Sonoluminescence is musically much closer to earlier Small Stone releases tagged alt.rock - say Roundhead, Perplexa, or especially Morsel, whose five-song EP's opening cut was my favorite song of '95. Chances are, if you lived in Ohio in the mid-'90s, you have a mix tape with the tune "Ocho" on it. Hey, the last song on that EP is titled "Lude," just an "r" away… Luder's similarities to Slot obviously start with Sue's vocals and bass playing. Both have a cool surge pushing the flow, a pulsebeat to build on from her bass and voice. The lilting/lifting/roll bespeak Slot as a take-off point, but the rock part is Luder's own.
And build they do. When I first heard this, I made a car copy so I could blast it. The car is the boombox of the travelin' man. And this is a disc that has a ton of subtle, almost subliminal, stuff going on that needs some volume to bring it out. There are tunes here that belong in a modern noir flick as the heroine walks down a dark, rainy alley. Understated, then ominous, like a rock take on Portishead. Being rock, the guitars break out and things intensify but rarely release; the tension builds and the groove stays steady. This is reminiscent of the way Giant Brain build some of their material: Parts of the beds bear much knowledge of Funkadelic and the hip-hop guys who've learnt from 'm, but in Luder, the syncopation is in service of bulked-up dream pop.
OK, don't let all the talk up there chase you off the fact that these guys have an AC/DC t-shirt or two in the closet. "In Love with Love" has got a ker-chunka riff The Cult would steal wholesale, "Sewn Together" rolls up to the door like yr gonna hear Hendrix start in on how he's gonna chop mountains down with his hands, and "The Pox" splits the difference between The Smashing Pumpkins and, oh, something off Robert Fripp's Exposure. Cool, eh? Overall, the disc flows cleanly and is a perfect listen while driving the interstate at night to somewhere where you hope something's gonna go right, but don't quite know.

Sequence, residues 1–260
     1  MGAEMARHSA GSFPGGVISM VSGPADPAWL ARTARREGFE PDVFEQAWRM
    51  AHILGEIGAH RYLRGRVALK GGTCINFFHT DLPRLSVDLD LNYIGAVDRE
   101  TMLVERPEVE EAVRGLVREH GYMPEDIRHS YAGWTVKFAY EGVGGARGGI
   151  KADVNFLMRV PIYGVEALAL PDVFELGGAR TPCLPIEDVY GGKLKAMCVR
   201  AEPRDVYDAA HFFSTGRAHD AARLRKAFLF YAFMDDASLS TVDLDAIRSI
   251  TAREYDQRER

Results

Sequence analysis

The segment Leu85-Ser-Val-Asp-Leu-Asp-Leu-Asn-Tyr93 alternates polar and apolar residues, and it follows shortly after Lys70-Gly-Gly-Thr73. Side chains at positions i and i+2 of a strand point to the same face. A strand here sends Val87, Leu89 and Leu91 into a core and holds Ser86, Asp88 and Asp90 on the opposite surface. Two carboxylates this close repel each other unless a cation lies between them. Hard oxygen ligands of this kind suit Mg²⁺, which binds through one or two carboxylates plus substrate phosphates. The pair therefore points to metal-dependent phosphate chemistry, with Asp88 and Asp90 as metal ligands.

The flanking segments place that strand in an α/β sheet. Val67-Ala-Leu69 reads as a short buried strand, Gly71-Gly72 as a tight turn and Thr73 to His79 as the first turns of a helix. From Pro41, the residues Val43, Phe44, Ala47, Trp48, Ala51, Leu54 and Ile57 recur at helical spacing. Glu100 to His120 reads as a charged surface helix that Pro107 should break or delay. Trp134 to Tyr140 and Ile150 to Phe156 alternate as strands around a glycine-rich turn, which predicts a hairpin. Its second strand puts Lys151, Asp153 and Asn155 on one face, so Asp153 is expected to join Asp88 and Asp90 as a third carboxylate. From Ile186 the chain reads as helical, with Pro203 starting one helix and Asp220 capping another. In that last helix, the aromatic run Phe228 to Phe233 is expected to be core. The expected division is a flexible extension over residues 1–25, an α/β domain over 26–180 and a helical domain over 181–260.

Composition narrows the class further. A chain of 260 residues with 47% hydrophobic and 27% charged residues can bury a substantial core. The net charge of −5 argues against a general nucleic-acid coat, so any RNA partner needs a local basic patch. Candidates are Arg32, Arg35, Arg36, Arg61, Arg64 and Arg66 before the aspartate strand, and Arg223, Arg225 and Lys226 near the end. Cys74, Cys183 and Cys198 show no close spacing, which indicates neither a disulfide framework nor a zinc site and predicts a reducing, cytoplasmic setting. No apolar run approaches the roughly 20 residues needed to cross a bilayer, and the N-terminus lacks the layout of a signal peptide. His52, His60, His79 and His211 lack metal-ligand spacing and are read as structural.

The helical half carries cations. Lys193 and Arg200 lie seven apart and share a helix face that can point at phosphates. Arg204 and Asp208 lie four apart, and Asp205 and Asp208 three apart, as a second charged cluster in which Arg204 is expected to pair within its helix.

- Craig Regala
A Lüder band is “a localized band of plastic deformation that can occur on some materials before fracture”. Welcome to the world of trying to Google for a relatively obscure group! Luder the band are something rather different, unsurprisingly, although etymology rears its head again – they claim in their MySpace biography that it’s German slang for “little shit”. Not sure what to make of that, really… but the album title is another science word that makes a little more sense in the context. Sonoluminescence (easier to say it than type it, kids) means “[a] luminescence excited in a substance by the passage of sound waves through it”. Noise becomes light – how’s that for a metaphor for the internet age, eh?
Now we’re done with matters of nomenclature (for those of you who’re still here), let’s talk music. Luder are the end result of a project from a few years back, when Small Stone decided to release the lost and lesser known tunes of an outfit called Slot in the wake of their guitarist’s untimely demise, and arranged for a partial reformation of the band to play SXSW. One thing led to another, they kept hanging out and jamming, and eventually they got round to making a whole album. Voila: Luder.
I reviewed that Slot album when it came out, but you don’t need to know Slot to appreciate Luder… in fact, Sue Lott’s voice is the only commonality you’d recognise immediately. However, Sonoluminescence is evidently an album put together with great affection for the aesthetics of early-nineties alt-rock from both sides of the pond, and if you still carry a candle for those days yourself, you’re going to appreciate this very much.
Kicking off, “Sing to Me” features queasy multilayered vocals from Lott, darkly groovy riffing… and sounds a lot like a female-fronted version of A Perfect Circle, to be honest. And that’s just fine from where I’m sitting. But it is uncannily like a tune off Mer De Noms… and not just because of that weirdly liquid guitar tone, either. Next, “S-Words” takes a more shoegazey approach, sounding sort of like Doppelganger-era Curve without the electronic bits and featuring a wistful stoned Suzanne Vega on guest vocals… it goes on for ages, but when it finally ends, you’re gutted.
And then “Selfish & Dumb”, which has a bitter-pop chorus to kill for and some Adam Jones-esque lead guitar hooks, and it’s by this point that Luder have me in the palm of their hand; this is the song that I so desperately wanted someone to record and release in 1992, the song that blends the dark metal of grunge with the sullen psychedelia of shoegaze. Granted, it ends on a fadeout. I hate fadeouts. But I forgive them anyway.